Slimpee
Posts: 777
Joined: Wed Apr 22, 2009 6:18 pm

Re: 2010-2011 Helmholtz Rankings

Postby Slimpee » Wed Apr 14, 2010 12:45 am

Nice work, Helm!

Go Hawkeyes (or Gophers)!

CanadianWolf
Posts: 10439
Joined: Wed Mar 24, 2010 4:54 pm

Re: 2010-2011 Helmholtz Rankings

Postby CanadianWolf » Wed Apr 14, 2010 1:12 am

After rereading the original post, I noticed that Helmholtz deleted a lot of hard data in favor of opinion. Hard data is verifiable, opinion data is not. Also I noticed a lack of purpose for this new rating & ranking system which makes it almost useless for any purpose other than "cocktail chatter". Contrast this with the National Law Journal's annual placement survey to the largest 250 law firms in the country; a clear purpose with verifiable results. Same for federal judicial clerkship placements. Same with LSAT scores of matriculated students, assuming honest & accurate self reporting.

doomed123
Posts: 156
Joined: Wed Jan 21, 2009 2:05 am

Re: 2010-2011 Helmholtz Rankings

Postby doomed123 » Wed Apr 14, 2010 1:52 am

CanadianWolf wrote:After rereading the original post, I noticed that Helmholtz deleted a lot of hard data in favor of opinion. Hard data is verifiable, opinion data is not. Also I noticed a lack of purpose for this new rating & ranking system which makes it almost useless for any purpose other than "cocktail chatter". Contrast this with the National Law Journal's annual placement survey to the largest 250 law firms in the country; a clear purpose with verifiable results. Same for federal judicial clerkship placements. Same with LSAT scores of matriculated students, assuming honest & accurate self reporting.


Reputation is important in the legal field, and the peer assessment + lawyer/judge scores, while not perfect, give us a decent way of measuring that. The fact that they remain so consistent over the years shows that they're not completely arbitrary or haphazard. I do think they're more useful toward the higher end of the rankings though, as peers and practitioners are less likely to really be familiar with schools as you go down the rankings.

User avatar
Lieut Kaffee
Posts: 774
Joined: Wed Nov 11, 2009 2:01 am

Re: 2010-2011 Helmholtz Rankings

Postby Lieut Kaffee » Wed Apr 14, 2010 1:55 am

doomed123 wrote:
CanadianWolf wrote:After rereading the original post, I noticed that Helmholtz deleted a lot of hard data in favor of opinion. Hard data is verifiable, opinion data is not. Also I noticed a lack of purpose for this new rating & ranking system which makes it almost useless for any purpose other than "cocktail chatter". Contrast this with the National Law Journal's annual placement survey to the largest 250 law firms in the country; a clear purpose with verifiable results. Same for federal judicial clerkship placements. Same with LSAT scores of matriculated students, assuming honest & accurate self reporting.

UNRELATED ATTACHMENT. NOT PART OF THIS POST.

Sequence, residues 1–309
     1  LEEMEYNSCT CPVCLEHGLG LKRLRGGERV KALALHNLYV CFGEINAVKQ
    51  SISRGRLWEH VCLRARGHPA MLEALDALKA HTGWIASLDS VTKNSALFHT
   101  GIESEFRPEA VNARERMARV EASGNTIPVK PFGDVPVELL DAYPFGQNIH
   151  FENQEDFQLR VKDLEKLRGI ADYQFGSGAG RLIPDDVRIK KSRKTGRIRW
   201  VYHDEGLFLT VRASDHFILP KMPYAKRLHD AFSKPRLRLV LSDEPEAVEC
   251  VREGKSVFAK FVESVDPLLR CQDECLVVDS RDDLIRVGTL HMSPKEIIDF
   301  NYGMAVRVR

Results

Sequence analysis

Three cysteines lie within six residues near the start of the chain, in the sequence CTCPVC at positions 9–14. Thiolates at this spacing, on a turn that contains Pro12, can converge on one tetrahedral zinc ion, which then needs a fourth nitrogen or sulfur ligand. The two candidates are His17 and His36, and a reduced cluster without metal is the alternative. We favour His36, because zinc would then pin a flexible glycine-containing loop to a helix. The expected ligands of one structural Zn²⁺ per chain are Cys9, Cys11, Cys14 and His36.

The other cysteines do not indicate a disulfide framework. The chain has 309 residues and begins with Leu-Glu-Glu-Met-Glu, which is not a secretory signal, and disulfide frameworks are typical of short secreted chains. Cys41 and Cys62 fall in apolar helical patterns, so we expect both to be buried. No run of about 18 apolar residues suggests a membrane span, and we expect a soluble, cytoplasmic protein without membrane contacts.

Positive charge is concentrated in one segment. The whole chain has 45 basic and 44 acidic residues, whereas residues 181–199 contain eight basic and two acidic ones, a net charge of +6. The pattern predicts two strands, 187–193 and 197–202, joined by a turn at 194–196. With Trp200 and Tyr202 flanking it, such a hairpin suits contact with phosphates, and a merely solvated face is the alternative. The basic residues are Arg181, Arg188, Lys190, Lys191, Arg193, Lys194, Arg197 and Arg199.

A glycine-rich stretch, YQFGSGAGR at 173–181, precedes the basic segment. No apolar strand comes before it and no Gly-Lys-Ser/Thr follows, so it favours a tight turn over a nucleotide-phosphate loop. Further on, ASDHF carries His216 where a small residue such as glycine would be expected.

Reputation is important in the legal field, and the peer assessment + lawyer/judge scores, while not perfect, give us a decent way of measuring that. The fact that they remain so consistent over the years shows that they're not completely arbitrary or haphazard. I do think they're more useful toward the higher end of the rankings though, as peers and practitioners are less likely to really be familiar with schools as you go down the rankings.


Disagree somewhat. The reason it stays consistent is because the respondents have no real basis of knowledge to change their opinions. I doubt they spend a significant amount of their careers researching what the other top 15-20 schools are doing to improve the quality of their programs. Say I'm a Yale professor. Can I really speak intelligently as to whether Michigan, Penn, Virginia, or Duke does a better job of teaching the law?

It seems to me the reputation scores are informed by little other than... the reputation scores.

CanadianWolf
Posts: 10439
Joined: Wed Mar 24, 2010 4:54 pm